Counting for Nothing

Counting for Nothing: What Men Value and What Women are Worth

Marilyn Waring
Copyright Date: 1999
Pages: 362
https://www.jstor.org/stable/10.3138/j.ctt1287w9p
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  • Book Info
    Counting for Nothing
    Book Description:

    The calculation of "national wealth" is full of bias, particularly gender bias against women. Waring's classic analysis of women's place in the world economy is brought up to date in this reprinted edition by a sizable new introduction by the author.

    eISBN: 978-1-4426-2356-9
    Subjects: Sociology, Economics

Table of Contents

  1. Front Matter
    (pp. i-vi)
  2. Table of Contents
    (pp. vii-x)
  3. Preface
    (pp. xi-xiv)
    GLORIA STEINEM
  4. Acknowledgements
    (pp. xv-xviii)
    Marilyn Waring
  5. Introduction to the Second Edition
    (pp. xix-lii)
    Marilyn Waring

    Dear Reader,

    This is a postscript masquerading as an introduction to a second edition. As a consequence, I write with some presumption that the reader is familiar with the debates recounted in the text. If this is the first time you have arrived at this place of inquiry and interest, please turn now to the prologue, and rejoin me here after you have read the original text. This will provide a bridge to this “introduction” and counter the possibility of considerable frustration on your part.

    Twelve years have past since I completed the draft manuscript ofCounting for Nothing. Those...

  6. Prologue WOMEN AS NON-PRODUCERS
    (pp. 1-11)

    A synopsis, some chapter headings, a draft first chapter, and now a book contract, lie on the table in front of me. This goat farmer sits here surrounded by ten years of paper clippings, political papers and notes, and diary entries from visits to every political bloc and continent.

    This inquiry began when I was appointed to and then chaired the Public Expenditure Select (Public Accounts and Budget) Committee during my terms as a Member of the New Zealand Parliament from 1975 to 1984. At one point in my tenure as Chairwoman, New Zealand revised its System of National Accounts...

  7. 1. A Woman’s Reckoning AN INTRODUCTION TO THE INTERNATIONAL ECONOMIC SYSTEM
    (pp. 12-36)

    I am awake in a glistening morning ready to write. From the window, the lush green grass, thick with autumn dew, leads to the empty beach. The sea and sky beyond — both blue and unpolluted — are washed clear and clean by the sun. The only sounds are the early dawn chorus and the roaring of the waves. I sit, as writers and artists have sat for centuries, labouring unpaid. Yet I am sure this is work. I am sure it is productive, and I hope it will be of value. But as far as the International Labour Organisation...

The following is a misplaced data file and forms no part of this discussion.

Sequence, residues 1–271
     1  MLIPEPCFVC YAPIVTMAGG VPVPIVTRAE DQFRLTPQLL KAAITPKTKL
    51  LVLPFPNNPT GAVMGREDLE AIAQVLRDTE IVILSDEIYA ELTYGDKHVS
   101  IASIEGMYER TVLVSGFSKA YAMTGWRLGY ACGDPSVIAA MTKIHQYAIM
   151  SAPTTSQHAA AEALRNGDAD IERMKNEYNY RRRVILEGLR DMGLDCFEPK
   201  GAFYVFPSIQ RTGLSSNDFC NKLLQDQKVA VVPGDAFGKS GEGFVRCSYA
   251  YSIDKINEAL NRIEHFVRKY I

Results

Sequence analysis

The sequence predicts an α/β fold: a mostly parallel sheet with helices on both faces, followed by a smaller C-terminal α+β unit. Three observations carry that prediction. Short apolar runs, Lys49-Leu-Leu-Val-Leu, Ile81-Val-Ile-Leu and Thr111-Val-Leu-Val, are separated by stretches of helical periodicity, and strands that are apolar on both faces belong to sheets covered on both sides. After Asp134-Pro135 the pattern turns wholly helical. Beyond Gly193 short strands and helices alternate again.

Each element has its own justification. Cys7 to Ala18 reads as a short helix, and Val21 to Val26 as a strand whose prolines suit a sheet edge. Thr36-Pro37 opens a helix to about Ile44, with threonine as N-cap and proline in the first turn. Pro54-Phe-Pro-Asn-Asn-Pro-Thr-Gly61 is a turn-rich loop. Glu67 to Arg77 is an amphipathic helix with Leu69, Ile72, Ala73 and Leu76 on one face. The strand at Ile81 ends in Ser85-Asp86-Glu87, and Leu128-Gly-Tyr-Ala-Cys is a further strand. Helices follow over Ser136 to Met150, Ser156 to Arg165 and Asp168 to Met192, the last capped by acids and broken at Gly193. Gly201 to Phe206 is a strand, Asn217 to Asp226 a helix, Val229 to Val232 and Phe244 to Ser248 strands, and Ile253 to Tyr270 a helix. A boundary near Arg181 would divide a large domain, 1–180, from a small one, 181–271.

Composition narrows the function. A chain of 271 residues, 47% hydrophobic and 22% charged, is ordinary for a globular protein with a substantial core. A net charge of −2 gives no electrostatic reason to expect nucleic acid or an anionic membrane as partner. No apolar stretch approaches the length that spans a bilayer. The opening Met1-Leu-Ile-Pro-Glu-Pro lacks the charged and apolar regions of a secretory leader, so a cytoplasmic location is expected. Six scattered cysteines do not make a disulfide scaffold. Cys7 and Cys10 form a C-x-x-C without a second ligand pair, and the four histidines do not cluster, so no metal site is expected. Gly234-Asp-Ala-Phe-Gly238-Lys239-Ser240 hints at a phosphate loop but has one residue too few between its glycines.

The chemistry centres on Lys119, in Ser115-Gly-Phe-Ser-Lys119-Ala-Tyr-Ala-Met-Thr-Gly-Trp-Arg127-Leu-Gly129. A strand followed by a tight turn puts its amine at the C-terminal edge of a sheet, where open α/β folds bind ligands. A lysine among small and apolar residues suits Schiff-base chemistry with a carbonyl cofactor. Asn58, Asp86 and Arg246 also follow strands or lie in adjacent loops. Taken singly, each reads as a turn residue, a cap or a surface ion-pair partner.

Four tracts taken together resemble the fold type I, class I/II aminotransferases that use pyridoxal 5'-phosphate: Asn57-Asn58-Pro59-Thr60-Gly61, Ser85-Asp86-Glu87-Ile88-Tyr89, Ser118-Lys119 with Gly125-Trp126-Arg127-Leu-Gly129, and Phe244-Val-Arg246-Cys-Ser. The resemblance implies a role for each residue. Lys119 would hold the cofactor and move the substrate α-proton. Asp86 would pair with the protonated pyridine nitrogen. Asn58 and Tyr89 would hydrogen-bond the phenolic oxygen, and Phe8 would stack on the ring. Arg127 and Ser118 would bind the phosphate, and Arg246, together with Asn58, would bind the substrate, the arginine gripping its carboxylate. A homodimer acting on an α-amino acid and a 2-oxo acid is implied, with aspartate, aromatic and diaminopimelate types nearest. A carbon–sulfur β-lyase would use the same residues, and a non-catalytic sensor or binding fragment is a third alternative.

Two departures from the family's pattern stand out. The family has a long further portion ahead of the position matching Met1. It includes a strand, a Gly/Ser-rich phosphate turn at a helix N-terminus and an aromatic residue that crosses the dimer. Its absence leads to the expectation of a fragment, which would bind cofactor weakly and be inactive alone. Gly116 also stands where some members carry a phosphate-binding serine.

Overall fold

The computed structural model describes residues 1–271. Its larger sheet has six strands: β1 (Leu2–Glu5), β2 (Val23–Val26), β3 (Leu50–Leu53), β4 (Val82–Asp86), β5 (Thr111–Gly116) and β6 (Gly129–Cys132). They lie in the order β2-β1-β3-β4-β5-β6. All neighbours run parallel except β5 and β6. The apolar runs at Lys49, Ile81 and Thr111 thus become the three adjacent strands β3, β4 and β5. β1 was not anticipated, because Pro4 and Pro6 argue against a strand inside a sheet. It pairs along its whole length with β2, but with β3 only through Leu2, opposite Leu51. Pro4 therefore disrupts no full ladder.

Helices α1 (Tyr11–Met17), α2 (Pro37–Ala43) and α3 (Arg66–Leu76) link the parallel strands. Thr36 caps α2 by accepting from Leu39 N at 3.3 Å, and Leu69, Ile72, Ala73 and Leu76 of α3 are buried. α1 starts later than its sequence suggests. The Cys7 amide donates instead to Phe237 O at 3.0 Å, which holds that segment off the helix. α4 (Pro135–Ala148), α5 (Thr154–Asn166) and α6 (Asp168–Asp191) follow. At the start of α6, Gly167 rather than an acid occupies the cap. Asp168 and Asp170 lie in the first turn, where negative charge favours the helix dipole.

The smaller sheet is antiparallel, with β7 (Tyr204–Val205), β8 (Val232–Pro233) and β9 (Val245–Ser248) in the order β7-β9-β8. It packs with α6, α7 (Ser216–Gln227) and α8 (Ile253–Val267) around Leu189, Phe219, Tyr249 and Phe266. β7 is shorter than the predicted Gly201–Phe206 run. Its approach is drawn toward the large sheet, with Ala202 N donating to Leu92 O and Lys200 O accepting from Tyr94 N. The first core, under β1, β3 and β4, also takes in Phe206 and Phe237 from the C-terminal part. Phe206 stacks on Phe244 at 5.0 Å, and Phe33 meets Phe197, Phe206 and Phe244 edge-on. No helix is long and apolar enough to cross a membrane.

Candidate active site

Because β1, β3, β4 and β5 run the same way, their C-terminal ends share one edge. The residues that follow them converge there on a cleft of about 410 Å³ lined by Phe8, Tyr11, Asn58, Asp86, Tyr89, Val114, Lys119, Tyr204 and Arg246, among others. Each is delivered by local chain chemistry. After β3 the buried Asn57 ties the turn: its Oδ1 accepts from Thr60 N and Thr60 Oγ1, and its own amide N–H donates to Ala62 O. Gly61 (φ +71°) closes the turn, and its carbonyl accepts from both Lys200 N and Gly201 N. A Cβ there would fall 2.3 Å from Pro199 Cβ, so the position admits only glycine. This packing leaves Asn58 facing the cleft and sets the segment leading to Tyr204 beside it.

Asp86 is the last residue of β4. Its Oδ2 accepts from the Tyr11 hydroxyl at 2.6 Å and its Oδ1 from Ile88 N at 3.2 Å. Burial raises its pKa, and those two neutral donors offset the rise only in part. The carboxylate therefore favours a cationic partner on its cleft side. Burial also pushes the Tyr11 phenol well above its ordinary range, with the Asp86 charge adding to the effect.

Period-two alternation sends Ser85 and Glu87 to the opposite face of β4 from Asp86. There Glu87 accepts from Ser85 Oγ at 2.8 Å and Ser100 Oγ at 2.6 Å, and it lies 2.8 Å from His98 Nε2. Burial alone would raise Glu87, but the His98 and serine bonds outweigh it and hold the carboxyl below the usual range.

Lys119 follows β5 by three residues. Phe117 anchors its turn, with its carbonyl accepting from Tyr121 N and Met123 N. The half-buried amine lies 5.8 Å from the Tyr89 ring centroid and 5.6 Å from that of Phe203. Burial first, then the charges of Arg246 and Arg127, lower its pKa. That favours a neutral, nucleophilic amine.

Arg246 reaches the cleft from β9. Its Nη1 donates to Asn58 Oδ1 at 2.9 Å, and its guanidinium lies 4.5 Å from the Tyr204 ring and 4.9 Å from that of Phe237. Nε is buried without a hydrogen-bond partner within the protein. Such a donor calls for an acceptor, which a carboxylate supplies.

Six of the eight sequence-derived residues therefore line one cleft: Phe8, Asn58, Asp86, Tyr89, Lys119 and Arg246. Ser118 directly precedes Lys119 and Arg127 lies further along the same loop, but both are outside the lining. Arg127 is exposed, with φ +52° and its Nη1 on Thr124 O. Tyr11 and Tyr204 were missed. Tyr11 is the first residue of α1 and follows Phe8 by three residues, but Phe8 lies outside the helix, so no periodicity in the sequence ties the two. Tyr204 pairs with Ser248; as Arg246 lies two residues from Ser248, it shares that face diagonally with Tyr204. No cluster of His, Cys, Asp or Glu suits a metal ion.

8. 2. A Calling to Account WHO DEVELOPED THE UNSNA AND WHY
    (pp. 37-59)

    The successful transmission of propaganda relies heavily on cliché or rhetoric. It also relies on inducing fear (of, for example, the unknown or uncontrollable) in a submissive public who will not ask too many enlightened questions. It is not surprising then, that many people, and women in particular, have “economics anxiety”. Mathematical, mechanical and medical anxieties, and other mystifications may represent a deliberate obfuscation; an effort to remove the discipline and its information from the powerless. Such political exclusivity is also useful to disguise vulnerability and to keep from telling the truth. It is reinforced by a lack of direct...

  9. 3. The Boundary of Conception HOW THE UNSNA MAKES WOMEN INVISIBLE
    (pp. 60-74)

    Chapter 2 examined the categories that form the basis of the national accounts. These categories give an indication of the “facts of the actual world” as observed by economists. But having established these categories, what general “laws” of political economy did the economists enshrine? The answer lies in a closer examination of the UNSNA, and its rules. To decide what did or did not constitute production, a production boundary was decided upon. All things of no “value” were excluded from the production boundary. Of particular importance for the operation of the system was the definition of a household — which...

  10. 4. Nothing Sexist Here STATISTICIANS IN ACTION
    (pp. 75-92)

    The conceptual difficulties surroundingwork, production, economic activity, or thehouseholdappear to be a problem of observation and the participant observer. But in my ten years of political experience and research on this book, my questions about the hows and whys of such observations consistently met with stock answers from the three groups involved: the policymakers, the economists, and the statisticians. The policymakers said that they could only work with, and from, the economists’ models and the statisticians’ figures. The economists said that they worked within policy guidelines that required particular statistics. And the statisticians said that they just...

  11. 5. The Statistical Conspiracy SOURCES FOR THE NATIONAL ACCOUNTS
    (pp. 93-117)

    In practice, the national accounts of any country are compiled from a wide range of statistics derived from a variety of sources. While some of these sources provide a direct measure of economic activity during a period, others are used as indicators of movements, such as consumer price indexes. To give an idea of the variety of sources involved, let me briefly summarise those used by economists in my own country, New Zealand. While New Zealand has a small population (3.3 million) and only about 200,000 “transactors,” the methods of data collection are comparable with those of most developed countries....

  12. 6. Villainy and Incompetence PROBLEMS ECONOMISTS SEE IN THEIR OWN SYSTEMS
    (pp. 118-134)